Baking is an art form, and the sentiment could not be more accurate for Natsuko Shoji, who has been named Asia’s Best Female Chef 2022 by Asia’s 50 Best Restaurants.
In 2020, the pastry chef expanded her Tokyo-based tart shop Été to include an exclusive six-seat dining experience. The concept is revered for its innovation and as the birthplace of one of Tokyo’s most sought-after desserts.
Shoji talks to Hospitality about the beginnings of her culinary journey, career-defining dishes and inspiring the next generation of women in the industry.
Natsuko Shoji first stepped foot in the professional kitchen at Florilège, a French restaurant in Tokyo. She was promoted to sous chef within three years, but it wasn’t long before she decided to go it alone. The chef opened Été, which means summer in French, in Shibuya.
“I was 24 when I first opened Été,” says Shoji. “I thought it would be really hard to [open] a restaurant business because I was inexperienced, I was not famous, I was young and I was a female cook. It meant it was going to be difficult hiring staff and finding customers, so I started Été as a unique tart shop.”
Any concerns were soon quashed once Shoji began making and selling a mango tart, a dessert that has gone on to receive acclaim from customers and industry peers. “I wanted to make something people would instantly recognise as my creation,” says the chef. “I made a tart in [what] looked like a square jewellery box. I truly believe my signature dish was the starting point of my success.”
The tart features three different layers including crispy, butter-rich sabret topped with diplomat cream and the dessert’s trademark rose made of mango slices glazed in syrup. Like many of Shoji’s creations, the dessert was inspired by her interest in fashion. Customer requests have also been a defining factor for some of Été’s other prized creations.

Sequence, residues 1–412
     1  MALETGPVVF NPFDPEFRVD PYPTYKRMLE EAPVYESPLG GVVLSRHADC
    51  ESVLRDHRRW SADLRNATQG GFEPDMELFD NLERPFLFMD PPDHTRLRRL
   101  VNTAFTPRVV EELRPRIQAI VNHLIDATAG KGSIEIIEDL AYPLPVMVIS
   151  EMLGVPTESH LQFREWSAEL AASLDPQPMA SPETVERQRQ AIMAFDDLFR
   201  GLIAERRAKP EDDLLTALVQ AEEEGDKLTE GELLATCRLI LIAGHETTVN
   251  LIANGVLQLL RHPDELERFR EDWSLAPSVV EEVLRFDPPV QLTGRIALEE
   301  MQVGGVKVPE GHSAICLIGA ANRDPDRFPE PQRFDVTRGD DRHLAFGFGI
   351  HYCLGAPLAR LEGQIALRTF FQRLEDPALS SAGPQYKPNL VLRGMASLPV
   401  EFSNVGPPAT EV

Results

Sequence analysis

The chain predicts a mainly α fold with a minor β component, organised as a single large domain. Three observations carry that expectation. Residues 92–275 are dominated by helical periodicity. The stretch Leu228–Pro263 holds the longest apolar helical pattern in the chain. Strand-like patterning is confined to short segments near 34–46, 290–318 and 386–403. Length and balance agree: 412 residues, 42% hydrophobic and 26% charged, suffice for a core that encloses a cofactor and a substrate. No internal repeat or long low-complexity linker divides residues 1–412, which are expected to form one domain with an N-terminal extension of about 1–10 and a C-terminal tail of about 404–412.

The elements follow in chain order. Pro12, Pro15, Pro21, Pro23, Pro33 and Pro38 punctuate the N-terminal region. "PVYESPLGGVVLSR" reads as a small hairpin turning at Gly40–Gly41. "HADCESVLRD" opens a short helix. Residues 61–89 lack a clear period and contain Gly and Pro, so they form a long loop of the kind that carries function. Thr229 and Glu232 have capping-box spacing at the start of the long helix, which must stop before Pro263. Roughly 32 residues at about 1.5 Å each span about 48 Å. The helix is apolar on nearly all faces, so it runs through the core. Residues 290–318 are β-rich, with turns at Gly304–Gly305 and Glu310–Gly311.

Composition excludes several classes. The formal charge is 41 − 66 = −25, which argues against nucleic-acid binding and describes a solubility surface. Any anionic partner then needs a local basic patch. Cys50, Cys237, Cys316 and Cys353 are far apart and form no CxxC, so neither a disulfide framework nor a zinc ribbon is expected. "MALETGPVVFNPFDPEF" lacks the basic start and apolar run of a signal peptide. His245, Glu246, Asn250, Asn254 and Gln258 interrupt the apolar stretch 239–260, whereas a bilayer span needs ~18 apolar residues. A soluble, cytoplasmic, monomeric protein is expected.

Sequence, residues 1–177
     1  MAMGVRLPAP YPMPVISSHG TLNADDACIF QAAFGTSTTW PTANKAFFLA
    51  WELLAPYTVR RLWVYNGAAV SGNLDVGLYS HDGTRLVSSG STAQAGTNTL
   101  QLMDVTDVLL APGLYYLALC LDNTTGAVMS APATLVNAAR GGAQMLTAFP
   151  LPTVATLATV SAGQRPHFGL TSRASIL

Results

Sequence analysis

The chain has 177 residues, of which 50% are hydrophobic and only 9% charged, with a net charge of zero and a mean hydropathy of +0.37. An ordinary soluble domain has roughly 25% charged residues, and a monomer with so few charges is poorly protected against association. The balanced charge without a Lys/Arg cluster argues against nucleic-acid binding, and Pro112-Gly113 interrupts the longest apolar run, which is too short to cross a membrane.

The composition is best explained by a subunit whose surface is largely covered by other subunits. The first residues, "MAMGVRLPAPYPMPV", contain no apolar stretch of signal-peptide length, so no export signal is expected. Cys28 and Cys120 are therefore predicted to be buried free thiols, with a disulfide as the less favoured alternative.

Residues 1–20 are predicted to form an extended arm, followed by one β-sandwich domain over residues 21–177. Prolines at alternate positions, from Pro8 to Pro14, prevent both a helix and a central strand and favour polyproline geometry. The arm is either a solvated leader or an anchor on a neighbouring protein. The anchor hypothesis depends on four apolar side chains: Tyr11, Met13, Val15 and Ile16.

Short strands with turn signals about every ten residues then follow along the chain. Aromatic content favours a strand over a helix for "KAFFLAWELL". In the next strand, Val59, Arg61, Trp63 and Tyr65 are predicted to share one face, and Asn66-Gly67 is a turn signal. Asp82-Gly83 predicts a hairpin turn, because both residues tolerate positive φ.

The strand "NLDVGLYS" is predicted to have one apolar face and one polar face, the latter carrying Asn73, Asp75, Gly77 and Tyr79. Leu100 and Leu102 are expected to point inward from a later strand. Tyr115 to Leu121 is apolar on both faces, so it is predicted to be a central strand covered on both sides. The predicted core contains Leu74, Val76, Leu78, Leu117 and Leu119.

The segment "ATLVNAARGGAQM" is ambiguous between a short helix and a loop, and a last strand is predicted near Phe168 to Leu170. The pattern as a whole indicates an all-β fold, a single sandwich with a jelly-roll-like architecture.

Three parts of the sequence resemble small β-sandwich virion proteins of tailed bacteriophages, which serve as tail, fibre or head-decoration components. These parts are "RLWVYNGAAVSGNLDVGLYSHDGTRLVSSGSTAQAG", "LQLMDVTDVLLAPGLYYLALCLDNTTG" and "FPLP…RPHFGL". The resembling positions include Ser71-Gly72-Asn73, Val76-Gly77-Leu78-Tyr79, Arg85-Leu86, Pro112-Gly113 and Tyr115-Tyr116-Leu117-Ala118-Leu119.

“My cooking style is inspired by fashion and art, and I’ve designed my restaurant in an haute couture style,” says the chef. “I’m also inspired by the diners who come to my restaurant; many of my signature dishes were requested by them.”
An example is Été’s strawberry cake, which draws inspiration from Louis Vuitton’s Damier print. The cake features Yuki-Usagi white strawberries from Saga and red Sakura Momo strawberries from Tokushima.
It wasn’t until last year that Shoji saw an opportunity to create a dining experience for her tart shop’s existing customer base. “After the success of Été’s cake business, I started serving food for my cake customers only,” says Shoji.
“It’s like a special invitation to fashion events. After you become a local customer, you get invited to dine at Été’s private restaurant.”
Guests at Été are met with aesthetically pleasing dishes that some would say look too good to eat. For Shoji, taste and visuals are equally important. “I believe in creating collections that are not only delicious to eat, but are visually beautiful,” she says. “The reason why I call each dish or dessert a creation or a collection is because I want them to be seen as a work of art.”
Fashion and food don’t often come together, but the concept has certainly put Shoji and Été on the map. “I see this as a great opportunity to show the world my new and unique strategy of combining fashion and gastronomy,” says the chef. “I hope we can make the fashion community more aware of what’s going on in the food industry and reach a further audience.”
Receiving the title of Asia’s Best Female Chef is a monumental achievement for Shoji and marks the achievement of a long-time goal. “I’ve learned that if you create a masterpiece, you will eventually get acknowledgement, regardless of the size or location of your restaurant,” says Shoji. “Even though I faced many obstacles as a female chef, I am proud to have proven people wrong by racking up achievements.”
Inspiring other women to join the industry is another motivator for Shoji. “There aren’t many female chefs in Japan, so I hope to be a role model and give them the hope that they can achieve anything they set their minds to,” she says. “I hope to encourage more female chefs to join the industry by striving to gain recognition on a global scale.”
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